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October 07, 2005 - Image 5

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The Michigan Daily, 2005-10-07

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The Michigan Daily - Friday, October 7, 2005 - 5

State senate urges court to withhold benefits for gays

LANSING (AP) - The state Senate yester-
day approved resolutions urging the Michigan
Supreme Court to block public-sector employ-
ers, including state government, from provid-
ing health insurance to the partners of gay
employees until the court makes a final ruling
on the issue.
The Republican-controlled Senate voted 22-
16, mostly along party lines, to pass two reso-
lutions to prevent taxpayer dollars from being
spent on same-sex benefits until the court reach-
es a final judgment.
The measures are symbolic and do not have
the force of law.
"If we're really concerned about not dis-
rupting people's lives, we ought to keep the
status quo until the court makes a decision,"

said Sen. Alan Cropsey, a DeWitt Republican
who sponsored the measures.
A Supreme Court spokeswoman said the
court generally does not comment on pend-
ing matters. It's unclear what action, if any,
the court could take because the state Court
of Appeals normally weighs in on legal cases
before the high court does.
An Ingham County judge ruled last month
that public universities and governments could
provide domestic partner benefits without vio-
lating a constitutional amendment approved
by voters in November.
Democratic Gov. Jennifer Granholm then
said she would ask the state Civil Service
Commission to approve domestic partner
benefits for state employees. The benefits had

been included in new labor contracts, but Gra-
nholm put them on hold while waiting for a
court ruling.
The Civil Service Commission's next meet-
ing is scheduled for Dec. 13. But the Granholm
administration has asked the commission to
schedule.a special meeting quickly.
"We want to be able to be competitive in
the workplace to hire the very best employ-
ees to work for the state of Michigan," said
David Fink, director of the Office of the State
Employer. "While some would argue that a
change in the law could be disruptive, in the
interim individuals who would otherwise be
covered by the benefit would be left unin-
A measure passed last year made the union

between a man and a woman the only agree-
ment recognized as a marriage "or similar
union for any purpose." Those six words led
to a fight over benefits for gay couples.
Republican Attorney General Mike Cox
issued an opinion in March saying the measure
bars the city of Kalamazoo from providing
domestic partner benefits in future contracts.
But 21 gay couples who work for Kalamazoo,
universities and the state filed a lawsuit chal-
lenging Cox's interpretation.
Cox plans to appeal the Ingham County
judge's ruling, prompting Senate Republicans
to push the two resolutions asking the state's
highest court to "take whatever steps are
necessary to maintain the status quo" until it

Sen. Gilda Jacobs (D-Huntington Woods)
urged her colleagues Thursday to vote against
the measures.
"We should be celebrating this great state's
diversity, not discriminating against certain
people," Jacobs said.
Twenty Republicans and two Democrats
voted for the resolutions. Fourteen Democrats
and two Republicans voted against them.
The lawmakers breaking ranks were Repub-
licans Shirley Johnson of Troy and Beverly
Hammerstrom of Temperance, who voted
against the measures, and Democrats Jim Bar-
cia of Bay City and Dennis Olshove of War-
ren, who voted for them.
One of the measures, a concurrent resolu-
tion, now heads to the House.



office probed
in intel leak
WASHINGTON (AP) - FBI agents examined com-
puters in Vice President Dick Cheney's office and talked
to former and current White House aides Thursday as they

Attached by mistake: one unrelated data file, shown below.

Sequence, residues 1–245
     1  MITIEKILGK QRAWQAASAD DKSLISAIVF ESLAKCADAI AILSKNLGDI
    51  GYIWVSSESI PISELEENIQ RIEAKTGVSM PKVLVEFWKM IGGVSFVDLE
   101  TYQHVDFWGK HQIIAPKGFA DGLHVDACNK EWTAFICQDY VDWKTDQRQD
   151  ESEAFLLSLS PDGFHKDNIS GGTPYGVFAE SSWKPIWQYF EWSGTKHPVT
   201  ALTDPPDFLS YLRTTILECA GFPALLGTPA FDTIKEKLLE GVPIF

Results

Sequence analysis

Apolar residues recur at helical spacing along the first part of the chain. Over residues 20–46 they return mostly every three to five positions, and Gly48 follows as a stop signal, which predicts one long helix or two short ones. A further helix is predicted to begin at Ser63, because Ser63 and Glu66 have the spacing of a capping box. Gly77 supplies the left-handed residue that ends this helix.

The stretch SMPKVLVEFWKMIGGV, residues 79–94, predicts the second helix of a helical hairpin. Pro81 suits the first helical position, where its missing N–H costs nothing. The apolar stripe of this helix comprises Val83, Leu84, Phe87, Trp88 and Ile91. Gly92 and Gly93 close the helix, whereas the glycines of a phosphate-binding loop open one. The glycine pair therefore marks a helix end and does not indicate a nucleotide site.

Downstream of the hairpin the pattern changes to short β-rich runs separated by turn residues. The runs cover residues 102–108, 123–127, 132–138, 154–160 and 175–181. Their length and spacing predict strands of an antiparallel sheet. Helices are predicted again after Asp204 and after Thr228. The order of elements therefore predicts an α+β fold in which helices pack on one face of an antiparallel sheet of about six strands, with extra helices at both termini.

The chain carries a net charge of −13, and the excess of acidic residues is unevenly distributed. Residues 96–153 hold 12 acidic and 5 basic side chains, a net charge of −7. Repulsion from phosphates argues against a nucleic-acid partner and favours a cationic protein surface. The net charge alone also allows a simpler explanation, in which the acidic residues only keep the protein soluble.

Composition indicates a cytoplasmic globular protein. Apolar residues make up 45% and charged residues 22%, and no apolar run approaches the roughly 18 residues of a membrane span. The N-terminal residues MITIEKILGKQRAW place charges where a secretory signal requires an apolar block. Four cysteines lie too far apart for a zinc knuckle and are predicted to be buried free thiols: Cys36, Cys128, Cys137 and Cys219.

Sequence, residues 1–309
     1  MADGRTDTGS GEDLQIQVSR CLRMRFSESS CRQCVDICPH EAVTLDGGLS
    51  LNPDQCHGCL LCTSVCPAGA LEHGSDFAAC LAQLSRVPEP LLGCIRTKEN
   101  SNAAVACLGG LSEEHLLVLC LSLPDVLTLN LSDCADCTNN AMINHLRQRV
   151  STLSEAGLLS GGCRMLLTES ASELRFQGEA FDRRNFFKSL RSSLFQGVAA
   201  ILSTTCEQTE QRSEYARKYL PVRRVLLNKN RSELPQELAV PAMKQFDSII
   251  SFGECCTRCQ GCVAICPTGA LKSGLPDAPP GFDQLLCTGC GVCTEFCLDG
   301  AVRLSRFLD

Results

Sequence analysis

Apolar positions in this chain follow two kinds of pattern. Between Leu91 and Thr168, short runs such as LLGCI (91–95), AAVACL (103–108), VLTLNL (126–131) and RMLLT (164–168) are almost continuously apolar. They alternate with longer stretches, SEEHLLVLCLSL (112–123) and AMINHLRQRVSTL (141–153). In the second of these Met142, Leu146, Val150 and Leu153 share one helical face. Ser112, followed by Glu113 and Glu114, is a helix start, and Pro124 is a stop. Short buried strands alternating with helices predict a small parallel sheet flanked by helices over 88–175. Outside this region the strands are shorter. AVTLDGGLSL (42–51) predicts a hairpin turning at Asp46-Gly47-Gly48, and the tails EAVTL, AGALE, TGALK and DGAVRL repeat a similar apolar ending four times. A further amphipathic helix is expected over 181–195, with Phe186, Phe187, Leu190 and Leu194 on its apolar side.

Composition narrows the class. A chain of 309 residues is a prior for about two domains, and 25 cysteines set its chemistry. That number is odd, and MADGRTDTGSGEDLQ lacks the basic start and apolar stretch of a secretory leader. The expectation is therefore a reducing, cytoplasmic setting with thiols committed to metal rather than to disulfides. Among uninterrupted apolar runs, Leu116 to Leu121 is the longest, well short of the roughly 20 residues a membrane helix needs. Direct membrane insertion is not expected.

investigated an FBI intelligence analyst accused of passing
classified information to Filipino officials.
Meantime, former Philippine President Joseph Estrada
acknowledged receiving an internal U.S. government report
on the Philippines from the analyst, Leandro Aragoncillo,
but played down the importance of the information, com-
paring it to material aired in his country's media.
The FBI is looking at whether Aragoncillo, a former
Marine, took classified information about the Philippines
from the White House when he worked for Vice Presidents
Al Gore and Cheney from 1999 to 2002.
The type of information has not been disclosed. Though
Aragoncillo had top-secret clearance, that status would not
have made him privy to highly sensitive intelligence.
Aragoncillo, a U.S. citizen originally from the Philip-
pines, was charged last month with providing classified
information from his FBI posting at Fort Monmouth, N.J.,
to former and current Philippine officials who oppose Presi-
dent Gloria Macapagal Arroyo. Philippine Justice Secretary
Raul Gonzales said the criminal complaint against Aragon-
cillo suggests the information could have been intended to
destabilize the Philippine government.
Michael Ray Aquino, a former top Philippine police offi-
cial who acted as Aragoncillo's alleged go-between, was
indicted by a Newark, N.J., federal grand jury Thursday on
charges of conspiracy and acting as an unregistered foreign
agent. Aragoncillo, 46, of Woodbury, N.J., and Aquino, 39,
living in Queens, N.Y., have been jailed since their arrests
last month.
Federal prosecutors in Newark did not seek an indict-
ment against Aragoncillo because he isnegotiating a plea,
court records show.
Aquino lawyer Mark A. Berman said his client rejected
a plea deal.
"There's a fundamental difference between Aragoncillo
and Aquino," Berman said. "Aquino is not an FBI agent and
had no reason to know that the information the government
laid out in the indictment was classified."
While the criminal complaint is limited to Aragoncillo's
time at Fort Monmouth the investigation has widened to
include his stint, while a Marine, in the vice president's
office. Agents examined computers and interviewed current
and former vice presidential aides Thursday, according to
a law enforcement official who spoke on condition of ano-
nymity because the investigation is ongoing.
FBI spokesman Rich Kolko would not confirm details
of the investigation, but he said, "In the course of a logi-
cal investigation, the FBI will research the subject's entire